Managed by Eric Edidin and Josh Lobel, Archer Capital currently has at least $625 million in its equity portfolio, according to its most recent 13F filing with the SEC. This marked an increase from $339 million the prior quarter. Furthermore, the top five stocks in Archer’s equity portfolio currently make up 25% of total holdings, and it’s worth noting that generally speaking, the fund has a penchant for services and consumer goods stocks. See Edidin and Lobel’s profile here, but the point is this: it can pay off big to piggyback the smart money.
At Insider Monkey, we track 450 of the world’s most elite hedge fund managers and our research has shown that over time, their picks routinely outperform. For more than a decade in our back tests, hedge funds’ consensus small cap picks beat the market by 18 percentage points a year; learn more about this research here.
Furthermore, it’s also crucial to look at each of the funds we track individually, and by using the latest round of fourth quarter 13F data from the SEC, we can determine how these funds were preparing for 2013. Let’s take a look at Archer Capital.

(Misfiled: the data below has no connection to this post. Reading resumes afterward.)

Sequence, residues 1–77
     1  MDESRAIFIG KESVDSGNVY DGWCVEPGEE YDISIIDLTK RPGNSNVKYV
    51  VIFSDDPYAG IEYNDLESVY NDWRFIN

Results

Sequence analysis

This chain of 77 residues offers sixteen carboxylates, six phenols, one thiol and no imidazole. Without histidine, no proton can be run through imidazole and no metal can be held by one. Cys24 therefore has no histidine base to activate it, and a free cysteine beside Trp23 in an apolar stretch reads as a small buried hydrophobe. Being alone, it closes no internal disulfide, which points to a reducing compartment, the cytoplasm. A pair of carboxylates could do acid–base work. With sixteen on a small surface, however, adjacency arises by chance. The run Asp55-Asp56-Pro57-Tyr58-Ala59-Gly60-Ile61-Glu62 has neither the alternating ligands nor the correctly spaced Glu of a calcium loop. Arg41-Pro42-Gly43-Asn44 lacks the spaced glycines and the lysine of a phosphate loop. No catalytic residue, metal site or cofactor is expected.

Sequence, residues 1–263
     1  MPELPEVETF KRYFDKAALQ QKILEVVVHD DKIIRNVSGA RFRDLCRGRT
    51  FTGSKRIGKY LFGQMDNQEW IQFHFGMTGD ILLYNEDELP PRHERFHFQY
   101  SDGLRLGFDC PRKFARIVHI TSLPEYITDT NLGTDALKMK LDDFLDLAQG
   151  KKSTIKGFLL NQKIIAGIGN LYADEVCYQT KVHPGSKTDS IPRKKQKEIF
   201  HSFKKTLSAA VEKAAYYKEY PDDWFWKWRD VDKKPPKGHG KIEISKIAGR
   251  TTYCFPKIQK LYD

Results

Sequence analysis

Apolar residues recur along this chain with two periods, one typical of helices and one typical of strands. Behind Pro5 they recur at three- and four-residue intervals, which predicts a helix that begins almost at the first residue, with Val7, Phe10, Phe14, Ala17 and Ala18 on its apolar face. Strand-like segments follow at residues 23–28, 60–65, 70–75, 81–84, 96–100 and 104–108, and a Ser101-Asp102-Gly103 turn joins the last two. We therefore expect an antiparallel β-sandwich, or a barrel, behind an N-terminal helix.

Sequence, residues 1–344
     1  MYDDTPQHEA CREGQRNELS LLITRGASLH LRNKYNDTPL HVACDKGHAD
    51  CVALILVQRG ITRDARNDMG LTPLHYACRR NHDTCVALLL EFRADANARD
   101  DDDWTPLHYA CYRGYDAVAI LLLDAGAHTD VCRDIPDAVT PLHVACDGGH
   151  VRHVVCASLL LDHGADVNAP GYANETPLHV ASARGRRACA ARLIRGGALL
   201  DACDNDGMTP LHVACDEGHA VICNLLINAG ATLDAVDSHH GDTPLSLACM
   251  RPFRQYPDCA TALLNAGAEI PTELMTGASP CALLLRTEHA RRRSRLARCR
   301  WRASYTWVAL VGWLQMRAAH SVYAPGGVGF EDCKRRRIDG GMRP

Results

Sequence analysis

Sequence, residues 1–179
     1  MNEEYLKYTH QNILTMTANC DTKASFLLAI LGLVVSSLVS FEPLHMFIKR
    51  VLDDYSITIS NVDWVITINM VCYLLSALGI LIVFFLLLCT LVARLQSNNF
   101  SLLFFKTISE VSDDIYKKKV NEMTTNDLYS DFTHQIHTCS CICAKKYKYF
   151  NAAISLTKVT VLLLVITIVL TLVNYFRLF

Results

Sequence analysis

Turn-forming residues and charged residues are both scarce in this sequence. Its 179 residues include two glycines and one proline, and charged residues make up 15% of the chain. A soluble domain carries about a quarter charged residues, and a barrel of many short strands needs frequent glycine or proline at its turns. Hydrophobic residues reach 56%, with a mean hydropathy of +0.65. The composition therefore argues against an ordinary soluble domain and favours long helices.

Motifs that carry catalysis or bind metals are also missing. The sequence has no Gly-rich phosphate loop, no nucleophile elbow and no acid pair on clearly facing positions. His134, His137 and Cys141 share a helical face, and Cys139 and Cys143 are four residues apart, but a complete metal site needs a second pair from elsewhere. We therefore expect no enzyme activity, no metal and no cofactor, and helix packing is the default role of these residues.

Coming in at number one is Macquarie Infrastructure Company LLC (NYSE:MIC). Currently near $54 per share, the stock is trading at its high for the year, but could come under profit-taking pressure at this level. Fundamentally, there are additional reasons why this stock is faltering. Macquarie Infrastructure Company LLC (NYSE:MIC)’s latest earnings report indicated a rather dramatic drop in net income (52%) from 2011, with a corresponding decline in EPS to $0.29. The stock is currently trading at 185 times trailing earnings versus a sector average of 30.0x, so it’s easy to see that this hedgie is focused on momentum—at least with Macquarie Infrastructure Company LLC (NYSE:MIC).
Moving on, at number two is Lear Corporation (NYSE:LEA), which supplies automotive seat systems as well as electrical distribution systems. The company, with a market cap of $5.3 billion, recently posted better-than-expected earnings, and has avoided a proxy fight with “activist investors” by agreeing to increase its share buyback program. Unfortunately, Lear Corporation (NYSE:LEA)’s stock price has been stuck in a sideways trend since early February at the $54 to $56 level. Once the stock can sustain a challenge to $55.80, a move to $62 should be unobstructed. Compared to its closest competitors, Johnson Controls, Inc. (NYSE:JCI) and Delphi Automotive PLC (NYSE:DLPH), Lear trades at 1.5 times book value, an average discount of over 60% to these peers.